ArmInfo. Armenia intends to apply the proposals of the Council of Europe to intensify the fight against money laundering and the financing of terrorism. Amendments to the laws on combating money laundering and the financing of terrorism, the Criminal Code and the Civil Code were introduced at the March 1 sitting of the parliament in the second and final reading.
Introducing the package, Deputy Chairman of the Central Bank of Armenia Vakhtang Abrahamyan recalled that in June 2014 the National Assembly of Armenia adopted a package of 15 laws, thanks to which the system of combating money laundering and financing of terrorism was brought to a qualitatively new level. This is evidenced by the fifth report of the experts of the Council of Europe on the evaluation of measures against money laundering and the financing of terrorism (MONEYVAL), prepared in December 2015. Despite the positive assessment of the measures taken, nevertheless, the report presented some problems, on the solution of which the relevant proposals were given, including at the legislative level.
Based on these proposals, bills include such a notion as the fight against the proliferation of weapons of mass destruction, which is brought into line with the resolution of the UN Security Council.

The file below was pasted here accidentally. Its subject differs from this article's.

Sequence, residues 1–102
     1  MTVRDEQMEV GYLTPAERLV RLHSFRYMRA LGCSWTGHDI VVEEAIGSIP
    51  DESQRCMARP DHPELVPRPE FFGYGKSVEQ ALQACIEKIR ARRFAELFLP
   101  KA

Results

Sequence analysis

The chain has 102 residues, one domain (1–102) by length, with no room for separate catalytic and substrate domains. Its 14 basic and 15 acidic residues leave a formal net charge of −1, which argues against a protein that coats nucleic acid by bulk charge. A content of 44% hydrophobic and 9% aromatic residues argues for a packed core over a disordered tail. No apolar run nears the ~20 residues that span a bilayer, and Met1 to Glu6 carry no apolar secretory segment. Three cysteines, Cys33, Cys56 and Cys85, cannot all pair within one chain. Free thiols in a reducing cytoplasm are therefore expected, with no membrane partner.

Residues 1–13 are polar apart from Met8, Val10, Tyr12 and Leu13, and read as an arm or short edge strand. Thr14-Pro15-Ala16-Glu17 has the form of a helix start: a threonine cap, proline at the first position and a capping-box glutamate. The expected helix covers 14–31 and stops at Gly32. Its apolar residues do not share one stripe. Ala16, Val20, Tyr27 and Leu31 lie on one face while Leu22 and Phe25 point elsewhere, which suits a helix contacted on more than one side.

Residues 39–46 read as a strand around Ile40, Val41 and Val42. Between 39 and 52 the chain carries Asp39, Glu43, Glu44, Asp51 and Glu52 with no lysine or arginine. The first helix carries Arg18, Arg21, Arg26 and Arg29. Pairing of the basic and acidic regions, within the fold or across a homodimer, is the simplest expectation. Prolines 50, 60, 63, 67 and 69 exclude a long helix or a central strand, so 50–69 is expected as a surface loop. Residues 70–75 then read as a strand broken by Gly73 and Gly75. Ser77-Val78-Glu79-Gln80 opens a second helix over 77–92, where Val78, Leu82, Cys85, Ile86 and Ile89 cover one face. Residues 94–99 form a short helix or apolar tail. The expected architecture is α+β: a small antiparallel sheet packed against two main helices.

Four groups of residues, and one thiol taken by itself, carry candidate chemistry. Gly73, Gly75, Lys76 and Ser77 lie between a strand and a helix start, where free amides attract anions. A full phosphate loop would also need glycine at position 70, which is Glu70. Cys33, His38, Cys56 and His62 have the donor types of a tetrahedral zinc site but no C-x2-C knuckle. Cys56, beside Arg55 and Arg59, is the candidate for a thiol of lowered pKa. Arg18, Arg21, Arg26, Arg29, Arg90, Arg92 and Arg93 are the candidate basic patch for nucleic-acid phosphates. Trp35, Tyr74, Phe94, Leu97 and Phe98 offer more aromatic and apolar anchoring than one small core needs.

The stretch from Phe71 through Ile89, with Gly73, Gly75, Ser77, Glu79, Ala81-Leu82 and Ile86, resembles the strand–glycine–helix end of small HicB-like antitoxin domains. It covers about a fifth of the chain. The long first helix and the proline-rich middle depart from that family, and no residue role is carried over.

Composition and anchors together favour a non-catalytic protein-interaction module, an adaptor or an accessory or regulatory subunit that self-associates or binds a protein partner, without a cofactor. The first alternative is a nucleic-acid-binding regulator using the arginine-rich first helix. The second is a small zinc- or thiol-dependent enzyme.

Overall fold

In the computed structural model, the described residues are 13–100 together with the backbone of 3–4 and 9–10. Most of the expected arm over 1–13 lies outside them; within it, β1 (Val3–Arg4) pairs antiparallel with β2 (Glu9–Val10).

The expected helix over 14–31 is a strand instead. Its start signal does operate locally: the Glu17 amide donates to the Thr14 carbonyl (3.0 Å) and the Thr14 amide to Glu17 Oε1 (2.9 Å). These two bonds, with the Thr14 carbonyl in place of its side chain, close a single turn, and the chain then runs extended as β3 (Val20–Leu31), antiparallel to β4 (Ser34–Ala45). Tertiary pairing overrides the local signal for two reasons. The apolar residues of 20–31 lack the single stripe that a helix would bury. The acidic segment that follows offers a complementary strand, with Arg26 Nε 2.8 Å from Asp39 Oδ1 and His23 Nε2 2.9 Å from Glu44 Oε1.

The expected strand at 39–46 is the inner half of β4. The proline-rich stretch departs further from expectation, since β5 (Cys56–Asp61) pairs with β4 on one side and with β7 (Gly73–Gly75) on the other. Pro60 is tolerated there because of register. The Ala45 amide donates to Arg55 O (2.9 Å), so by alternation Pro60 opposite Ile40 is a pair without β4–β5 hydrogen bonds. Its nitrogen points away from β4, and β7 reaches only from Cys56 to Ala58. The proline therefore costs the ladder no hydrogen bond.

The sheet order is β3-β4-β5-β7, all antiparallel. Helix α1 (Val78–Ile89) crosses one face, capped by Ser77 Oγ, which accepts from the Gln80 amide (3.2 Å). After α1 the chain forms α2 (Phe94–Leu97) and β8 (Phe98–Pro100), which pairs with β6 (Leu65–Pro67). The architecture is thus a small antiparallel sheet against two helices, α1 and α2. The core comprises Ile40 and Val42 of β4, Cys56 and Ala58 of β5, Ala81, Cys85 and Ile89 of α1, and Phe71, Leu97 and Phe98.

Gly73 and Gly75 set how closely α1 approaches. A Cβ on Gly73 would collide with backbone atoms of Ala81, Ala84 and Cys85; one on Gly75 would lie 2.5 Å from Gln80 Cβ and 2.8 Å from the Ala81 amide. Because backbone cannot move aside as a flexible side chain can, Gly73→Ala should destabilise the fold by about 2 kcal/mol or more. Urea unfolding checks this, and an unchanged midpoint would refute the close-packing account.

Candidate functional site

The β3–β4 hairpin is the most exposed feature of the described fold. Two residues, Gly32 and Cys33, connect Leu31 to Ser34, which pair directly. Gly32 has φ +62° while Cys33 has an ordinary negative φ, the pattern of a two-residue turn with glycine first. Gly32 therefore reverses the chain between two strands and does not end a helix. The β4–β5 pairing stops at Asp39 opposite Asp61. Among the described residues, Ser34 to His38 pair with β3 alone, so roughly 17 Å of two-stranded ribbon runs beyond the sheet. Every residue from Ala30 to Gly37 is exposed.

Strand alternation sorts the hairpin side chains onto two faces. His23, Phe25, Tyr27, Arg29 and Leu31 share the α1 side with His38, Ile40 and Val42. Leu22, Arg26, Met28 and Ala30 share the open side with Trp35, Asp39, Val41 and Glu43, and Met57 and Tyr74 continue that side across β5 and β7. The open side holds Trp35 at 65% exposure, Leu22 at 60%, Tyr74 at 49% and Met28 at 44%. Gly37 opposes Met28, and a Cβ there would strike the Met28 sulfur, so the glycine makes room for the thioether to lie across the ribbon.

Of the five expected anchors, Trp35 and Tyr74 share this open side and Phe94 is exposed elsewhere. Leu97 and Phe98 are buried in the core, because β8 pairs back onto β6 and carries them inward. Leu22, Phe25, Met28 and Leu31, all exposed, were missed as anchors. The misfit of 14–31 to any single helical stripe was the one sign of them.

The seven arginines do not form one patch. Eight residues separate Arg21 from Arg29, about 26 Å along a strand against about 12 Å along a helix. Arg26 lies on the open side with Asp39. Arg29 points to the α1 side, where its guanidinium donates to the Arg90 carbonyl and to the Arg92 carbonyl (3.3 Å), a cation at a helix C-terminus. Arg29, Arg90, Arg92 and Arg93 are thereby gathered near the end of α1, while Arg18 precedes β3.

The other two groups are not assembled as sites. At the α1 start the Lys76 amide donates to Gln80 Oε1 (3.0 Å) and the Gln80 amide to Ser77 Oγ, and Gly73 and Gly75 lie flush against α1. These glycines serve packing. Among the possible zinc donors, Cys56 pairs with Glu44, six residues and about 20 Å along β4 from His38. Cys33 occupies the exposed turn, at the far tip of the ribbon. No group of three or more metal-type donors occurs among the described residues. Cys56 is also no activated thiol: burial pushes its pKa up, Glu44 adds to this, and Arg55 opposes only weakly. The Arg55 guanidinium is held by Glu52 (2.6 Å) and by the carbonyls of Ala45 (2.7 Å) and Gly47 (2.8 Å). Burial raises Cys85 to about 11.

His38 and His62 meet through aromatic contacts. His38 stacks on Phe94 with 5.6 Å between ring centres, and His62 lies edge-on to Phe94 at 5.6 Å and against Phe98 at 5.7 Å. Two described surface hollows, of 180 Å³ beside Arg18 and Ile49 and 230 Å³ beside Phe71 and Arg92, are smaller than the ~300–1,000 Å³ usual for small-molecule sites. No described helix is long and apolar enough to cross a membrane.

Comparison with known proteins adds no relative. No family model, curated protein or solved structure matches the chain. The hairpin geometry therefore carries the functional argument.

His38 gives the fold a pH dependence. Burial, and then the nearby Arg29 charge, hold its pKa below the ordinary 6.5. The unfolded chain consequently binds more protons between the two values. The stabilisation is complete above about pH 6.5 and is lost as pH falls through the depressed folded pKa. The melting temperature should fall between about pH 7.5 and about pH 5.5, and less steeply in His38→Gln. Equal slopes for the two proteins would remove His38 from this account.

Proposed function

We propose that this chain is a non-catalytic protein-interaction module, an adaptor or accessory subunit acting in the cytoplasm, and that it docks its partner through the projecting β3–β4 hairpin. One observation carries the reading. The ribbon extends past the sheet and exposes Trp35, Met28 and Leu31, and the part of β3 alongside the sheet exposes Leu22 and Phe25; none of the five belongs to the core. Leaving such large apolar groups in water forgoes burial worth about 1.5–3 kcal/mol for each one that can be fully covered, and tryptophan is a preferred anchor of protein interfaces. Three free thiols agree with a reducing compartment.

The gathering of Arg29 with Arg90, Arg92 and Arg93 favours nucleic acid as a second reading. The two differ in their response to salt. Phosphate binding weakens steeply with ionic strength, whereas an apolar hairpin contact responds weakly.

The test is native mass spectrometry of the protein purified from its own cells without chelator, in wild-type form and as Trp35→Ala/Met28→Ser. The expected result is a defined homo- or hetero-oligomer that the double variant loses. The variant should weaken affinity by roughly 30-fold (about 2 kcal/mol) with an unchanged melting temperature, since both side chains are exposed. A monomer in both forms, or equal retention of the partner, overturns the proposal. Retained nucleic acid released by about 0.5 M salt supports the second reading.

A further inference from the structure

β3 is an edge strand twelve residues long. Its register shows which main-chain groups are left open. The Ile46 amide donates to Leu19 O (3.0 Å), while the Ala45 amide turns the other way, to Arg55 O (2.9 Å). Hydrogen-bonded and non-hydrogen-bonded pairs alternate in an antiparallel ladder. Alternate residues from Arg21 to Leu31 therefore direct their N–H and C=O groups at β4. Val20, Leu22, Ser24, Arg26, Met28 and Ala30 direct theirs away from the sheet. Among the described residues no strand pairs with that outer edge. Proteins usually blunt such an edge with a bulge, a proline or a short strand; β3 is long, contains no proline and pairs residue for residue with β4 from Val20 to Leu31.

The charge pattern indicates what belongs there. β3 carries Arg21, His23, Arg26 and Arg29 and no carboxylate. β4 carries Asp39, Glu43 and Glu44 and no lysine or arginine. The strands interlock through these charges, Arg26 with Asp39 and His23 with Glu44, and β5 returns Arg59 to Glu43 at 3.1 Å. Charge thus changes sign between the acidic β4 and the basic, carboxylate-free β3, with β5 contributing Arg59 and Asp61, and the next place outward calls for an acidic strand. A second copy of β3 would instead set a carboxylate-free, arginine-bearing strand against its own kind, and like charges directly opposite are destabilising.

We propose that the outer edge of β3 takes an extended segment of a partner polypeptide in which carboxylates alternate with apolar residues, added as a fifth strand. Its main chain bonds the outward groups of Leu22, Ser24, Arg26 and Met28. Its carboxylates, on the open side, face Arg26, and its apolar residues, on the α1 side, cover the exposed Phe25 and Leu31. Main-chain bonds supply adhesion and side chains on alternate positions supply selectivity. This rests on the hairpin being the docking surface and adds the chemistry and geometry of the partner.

In addition, cash transactions for real estate are limited. In particular, an amendment is included in the package, according to which transactions exceeding 50 million drams must be made by wire transfer. The bill will come into force six months after the official publication.
Earlier, the Council of Europe called on Armenia to increase the number of measures against money laundering. MONEYVAL experts noted Armenia's significant work on creating a legislative structure against such violations, and the financial sector effectively applies preventive measures. Mechanisms for recognizing and preventing the financing of terrorism and the proliferation of weapons of mass destruction are generally effective. The risks of tax evasion, smuggling and embezzlement are the most serious threats to money laundering. The most vulnerable sectors are banks and real estate. Financial data are collected very effectively, but law enforcement agencies do not always properly investigate them.